Carbon pricing wouldn’t reduce value of all firms, ECB paper finds

January 19, 2024|Written by Moriah Costa|European Central Bank

Carbon pricing would not necessarily affect the value of all companies but would instead encourage firms to decrease their emissions, an analysis from the European Central Bank (ECB) found.

“Our analysis reveals that carbon regulation need not reduce firm value unconditionally, in spite of the perceived conflict between the interests of environmental regulators and those of businesses,” the authors wrote.

If implemented, carbon pricing is one strategy for regulators to reduce climate change, as it places a fee on emitting sectors or offers incentives for reducing emissions. Those opposed to carbon pricing argue it would have a negative impact on carbon-intensive industries and not help with a just transition to a green economy. But as climate change becomes more of an issue, more countries are looking at implementing carbon pricing.

The ECB working paper found that for firms with positive net emissions, or generate a lot of pollution, carbon regulation would be costly. This would in turn lower the value of the company and reduce its investments in green innovation compared to a laissez-faire approach.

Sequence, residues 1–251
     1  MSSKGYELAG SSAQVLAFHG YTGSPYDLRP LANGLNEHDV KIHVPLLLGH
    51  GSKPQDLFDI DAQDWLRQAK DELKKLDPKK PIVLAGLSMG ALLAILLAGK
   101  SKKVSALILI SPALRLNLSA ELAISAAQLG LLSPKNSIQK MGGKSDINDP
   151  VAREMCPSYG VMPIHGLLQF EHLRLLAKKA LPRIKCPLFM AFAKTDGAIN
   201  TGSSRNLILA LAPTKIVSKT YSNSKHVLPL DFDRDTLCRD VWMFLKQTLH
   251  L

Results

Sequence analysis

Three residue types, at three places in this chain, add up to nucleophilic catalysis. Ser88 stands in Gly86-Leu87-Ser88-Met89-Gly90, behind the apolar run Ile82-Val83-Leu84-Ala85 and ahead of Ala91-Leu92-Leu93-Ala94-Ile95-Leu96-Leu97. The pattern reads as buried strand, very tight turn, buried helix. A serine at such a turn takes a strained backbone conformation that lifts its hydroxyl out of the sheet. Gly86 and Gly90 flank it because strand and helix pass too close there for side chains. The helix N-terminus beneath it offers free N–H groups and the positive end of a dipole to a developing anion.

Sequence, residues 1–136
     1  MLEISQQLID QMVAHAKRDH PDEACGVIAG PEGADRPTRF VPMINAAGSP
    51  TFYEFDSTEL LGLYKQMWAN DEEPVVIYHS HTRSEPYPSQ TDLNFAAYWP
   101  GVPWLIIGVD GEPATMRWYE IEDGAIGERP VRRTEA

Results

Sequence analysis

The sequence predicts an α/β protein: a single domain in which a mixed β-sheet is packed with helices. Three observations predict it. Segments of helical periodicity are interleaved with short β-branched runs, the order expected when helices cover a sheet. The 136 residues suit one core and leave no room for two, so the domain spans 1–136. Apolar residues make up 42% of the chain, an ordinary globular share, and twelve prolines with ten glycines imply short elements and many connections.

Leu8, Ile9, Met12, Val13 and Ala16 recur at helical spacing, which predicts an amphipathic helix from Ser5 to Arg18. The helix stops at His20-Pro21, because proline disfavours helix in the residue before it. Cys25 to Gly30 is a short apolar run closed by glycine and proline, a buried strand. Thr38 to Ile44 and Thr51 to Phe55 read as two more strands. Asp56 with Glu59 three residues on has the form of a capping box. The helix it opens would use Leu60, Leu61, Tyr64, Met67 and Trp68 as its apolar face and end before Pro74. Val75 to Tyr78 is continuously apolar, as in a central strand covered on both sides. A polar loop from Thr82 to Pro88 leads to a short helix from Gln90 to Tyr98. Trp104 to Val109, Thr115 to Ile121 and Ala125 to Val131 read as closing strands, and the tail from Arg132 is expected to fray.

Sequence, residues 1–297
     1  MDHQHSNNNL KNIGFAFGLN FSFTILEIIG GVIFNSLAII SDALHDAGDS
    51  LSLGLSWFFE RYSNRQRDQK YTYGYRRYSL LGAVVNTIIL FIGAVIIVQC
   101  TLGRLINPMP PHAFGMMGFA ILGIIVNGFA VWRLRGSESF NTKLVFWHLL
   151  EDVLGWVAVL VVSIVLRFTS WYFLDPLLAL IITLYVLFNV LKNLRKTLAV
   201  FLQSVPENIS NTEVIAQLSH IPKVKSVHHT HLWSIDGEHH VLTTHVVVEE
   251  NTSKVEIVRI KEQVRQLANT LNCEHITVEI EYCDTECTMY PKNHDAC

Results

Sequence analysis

In comparison, companies that have negative net emissions could gain value from selling credits or rewards. In other words, carbon regulation would raise the value of companies that engage in innovation and reduce their emissions, the paper found.

The authors also found that carbon pricing leads to companies decreasing their emissions by reducing production scales and engaging in green investment.

Firms that are more polluting tend to tilt their green investments towards more short-term solutions as carbon pricing becomes costlier. While this would reduce a company’s expected cost of carbon pricing, it would slow down the introduction of green technology.

To mitigate this, regulators can complement carbon pricing with green innovation subsidies.

“Such subsidies not only stir a greater engagement in green investment, but also tilt the mix in favor of green innovation,” the authors wrote.

The authors noted that their research was broad and that they intended to conduct further research, in particular “to further uncover how the firms’ new need to manage emissions can affect existing theories on corporate decision making”.

This page was last updated January 19, 2024

Share this article